Willmar Public Schools, service cooperative talking again about possible Willmar Middle School addition

After a pandemic pause, Willmar and the Southwest West Central Service Cooperative are talking again about a potential Willmar Middle School addition to benefit both of them — more gym space and alternative learning classrooms for the school district and space for the cooperative to run program for high-needs special education students.

A new Educational Learning Center, operated by the Southwest West Central Service Cooperative, shown in this September 2019 file photo, opened in 2019 to serve students in a 30- to 40-mile radius of Montevideo. A similar facility is proposed for Willmar. Tom Cherveny / West Central Tribune

WILLMAR — Work toward an expansion at Willmar Middle School has started again after a pause of more than a year because of the pandemic.

Willmar Public Schools and the Southwest West Central Service Cooperative , based in Marshall, have discussed for several years the possibility of a middle school addition that would provide space for the school and for a cooperative special education program.

The proposed addition would include a new gym and classrooms for an alternative learning program for middle school-aged students, plus an addition operated by the cooperative for high-needs special education students.

The Willmar School Board adopted a resolution this week in support of the cooperative seeking state bonding money to pay for its part of the proposed addition to Willmar Middle School.

The resolution is not a commitment to move ahead with the project, but an expression of support for the cooperative’s efforts, Superintendent Jeff Holm told the board.


While the project was on hold, cooperative officials spoke with area legislators about the possibility of state bonding money to pay for its portion of the project.

The cooperative does not have taxing authority. The original financing plan was for the school district to pay for the project with its general fund balance, which has grown in recent years. The cooperative would make lease payments for its space as a way of reimbursing the district.

The School Board several years ago supported the project as long as it wouldn’t raise property taxes, Holm said.

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The middle school has limited gym space, about 9 square feet per student, Holm said, and that’s inadequate for a school with more than 900 students.
School officials have decided that middle school students should not attend the ALC at Garfield School with high school students. They currently study in a “marginally appropriate” space in the basement of Jefferson Learning Center, Holm said.

The cooperative offers education and administrative services to school districts and communities in 18 counties in southwestern Minnesota.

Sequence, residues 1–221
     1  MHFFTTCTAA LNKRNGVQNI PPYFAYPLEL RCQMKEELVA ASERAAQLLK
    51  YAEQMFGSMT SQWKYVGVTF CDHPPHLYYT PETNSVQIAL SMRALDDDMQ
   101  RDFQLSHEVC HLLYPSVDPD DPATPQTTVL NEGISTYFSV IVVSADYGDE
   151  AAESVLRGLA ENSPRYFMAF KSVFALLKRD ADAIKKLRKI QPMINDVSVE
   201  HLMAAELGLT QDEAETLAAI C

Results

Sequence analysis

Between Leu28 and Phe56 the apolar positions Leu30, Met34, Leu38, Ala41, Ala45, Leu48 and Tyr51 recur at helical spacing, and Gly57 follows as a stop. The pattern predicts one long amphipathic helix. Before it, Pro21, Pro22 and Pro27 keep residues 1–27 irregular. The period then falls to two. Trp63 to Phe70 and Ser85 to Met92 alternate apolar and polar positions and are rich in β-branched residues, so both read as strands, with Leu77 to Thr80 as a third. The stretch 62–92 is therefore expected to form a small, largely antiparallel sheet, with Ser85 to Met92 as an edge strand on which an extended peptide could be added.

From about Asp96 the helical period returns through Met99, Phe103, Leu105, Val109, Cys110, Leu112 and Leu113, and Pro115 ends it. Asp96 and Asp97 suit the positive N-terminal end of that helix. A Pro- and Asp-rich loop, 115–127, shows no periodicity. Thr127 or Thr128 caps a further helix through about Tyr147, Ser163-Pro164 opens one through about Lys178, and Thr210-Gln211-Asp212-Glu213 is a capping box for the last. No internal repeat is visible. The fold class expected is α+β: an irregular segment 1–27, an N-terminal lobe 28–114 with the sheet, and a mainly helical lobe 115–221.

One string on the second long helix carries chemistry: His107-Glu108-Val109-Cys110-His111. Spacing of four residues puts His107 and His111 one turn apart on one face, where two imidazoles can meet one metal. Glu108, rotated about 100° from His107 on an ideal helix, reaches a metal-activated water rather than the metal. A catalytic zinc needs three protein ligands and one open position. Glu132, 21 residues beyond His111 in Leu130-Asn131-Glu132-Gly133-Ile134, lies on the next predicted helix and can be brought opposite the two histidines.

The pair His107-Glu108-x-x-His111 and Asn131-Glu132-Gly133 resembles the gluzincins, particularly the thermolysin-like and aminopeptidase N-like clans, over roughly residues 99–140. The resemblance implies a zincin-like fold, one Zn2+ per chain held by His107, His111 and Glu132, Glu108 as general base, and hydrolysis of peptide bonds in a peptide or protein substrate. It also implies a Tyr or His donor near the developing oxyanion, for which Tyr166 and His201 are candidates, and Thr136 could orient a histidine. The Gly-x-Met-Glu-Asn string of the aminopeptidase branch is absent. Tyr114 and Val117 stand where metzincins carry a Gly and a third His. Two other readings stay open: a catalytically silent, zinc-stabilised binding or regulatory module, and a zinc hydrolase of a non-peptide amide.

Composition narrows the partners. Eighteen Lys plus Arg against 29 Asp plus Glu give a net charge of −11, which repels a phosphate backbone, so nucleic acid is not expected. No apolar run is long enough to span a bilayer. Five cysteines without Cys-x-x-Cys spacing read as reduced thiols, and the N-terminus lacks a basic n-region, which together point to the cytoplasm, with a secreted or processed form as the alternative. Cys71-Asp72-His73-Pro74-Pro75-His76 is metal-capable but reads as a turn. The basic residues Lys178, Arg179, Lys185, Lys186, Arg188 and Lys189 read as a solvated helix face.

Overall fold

Part of the service is a variety of special education services for school districts in its service area, including educational learning centers for a Level 4 facility for high-needs special education students.

Students have sometimes spent an hour or more on buses to get to the nearest center. Willmar students have sometimes been bused to Cosmos or Belview.


In recent years the cooperative has worked to develop centers more evenly scattered throughout the service area. A new center opened in Montevideo in 2019.

The cooperative currently operates a center in Willmar, in a building on the MinnWest Technology campus, which was not designed for education purposes, Holm said.

The middle school location would also allow some shared services, like physical education space, food service and custodians.

Board members said they were still supportive.

“If COVID wouldn’t have hit, we probably would have had shovels in the ground two years ago,” said Chairman Mike Reynolds.

“Every student that goes through the middle school will take advantage of the improved facilities, and it’s also good for the community,” said board member Tammy Barnes.

Holm agreed that “the pandemic paused our plans, and we were moving ahead nicely.”

However, plans will proceed more cautiously now, as the district assesses the effects of the pandemic on enrollment and its financial condition, Holm said.


The Minnesota Legislature won’t take up a bonding bill until it meets next year, and a bonding bill is often not passed until the end of the session in May, or later.

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In 42 years in the newspaper industry, Linda Vanderwerf has worked at several daily newspapers in Minnesota, including the Mesabi Daily News, now called the Mesabi Tribune in Virginia. Previously, she worked for the Las Cruces Sun-News in New Mexico and the Rapid City Journal in the Black Hills of South Dakota. She has been a reporter at the West Central Tribune for nearly 27 years.

Vanderwerf can be reached at email: or phone 320-214-4340
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